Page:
6 Killer Tips to Make Your Custom Thumbnails Pop

By Tubular Guest Contributor · October 14, 2015

A great custom thumbnail can make all the difference when it comes to a viewer clicking through to your video, or deciding to watch another. The thumbnail is often the first introduction to your content, but so many creators fail to take full advantage of this optimization feature.

YouTube itself has been hard at work on behalf of creators, and just announced a new thumbnail algorithm which should soon help you to pick out the best image to choose from. Based on deep neural network technology, the new model can compare the quality of each frame of a video, and select which still images best represents the footage. This is a fantastic development but nothing quite beats a custom thumbnail image that ties back in with your channel message and brand. Let’s take a look at how the most successful video creators follow best practice when it comes to producing these vital images.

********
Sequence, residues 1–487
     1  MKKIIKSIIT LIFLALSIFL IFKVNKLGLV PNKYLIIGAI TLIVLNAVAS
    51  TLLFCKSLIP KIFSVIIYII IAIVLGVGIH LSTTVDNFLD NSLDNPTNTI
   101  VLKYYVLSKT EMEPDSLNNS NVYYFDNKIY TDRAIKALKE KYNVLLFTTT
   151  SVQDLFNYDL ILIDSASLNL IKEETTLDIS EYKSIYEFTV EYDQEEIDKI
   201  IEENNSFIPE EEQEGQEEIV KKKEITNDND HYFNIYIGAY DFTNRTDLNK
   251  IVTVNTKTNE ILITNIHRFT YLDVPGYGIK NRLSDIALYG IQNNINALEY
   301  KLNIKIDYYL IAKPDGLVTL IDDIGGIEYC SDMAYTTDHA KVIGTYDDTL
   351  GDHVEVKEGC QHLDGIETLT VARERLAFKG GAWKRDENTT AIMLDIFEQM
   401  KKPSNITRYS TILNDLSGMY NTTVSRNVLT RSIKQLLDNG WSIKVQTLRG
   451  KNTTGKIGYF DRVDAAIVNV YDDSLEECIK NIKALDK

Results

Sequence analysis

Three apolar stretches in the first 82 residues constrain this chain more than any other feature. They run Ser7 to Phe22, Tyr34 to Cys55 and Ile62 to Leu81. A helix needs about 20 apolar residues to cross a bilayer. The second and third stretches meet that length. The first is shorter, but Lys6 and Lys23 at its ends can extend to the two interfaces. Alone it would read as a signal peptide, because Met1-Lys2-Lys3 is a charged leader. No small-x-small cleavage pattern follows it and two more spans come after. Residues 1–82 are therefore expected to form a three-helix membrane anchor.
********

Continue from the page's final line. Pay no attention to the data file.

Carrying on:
Custom Thumbnails: Best Practices from the Pros

Apart from making content that viewers and fans want to watch, video creators should follow some guiding principles when it comes to making great thumbnails, such as:

  • Conveying the subject of the video content
  • Compelling the viewer to click-through to the video
  • Differentiating their brand
  • Making sure they are optimized for any device

#1 Custom Thumbnail Tip: Make the Best Use of Color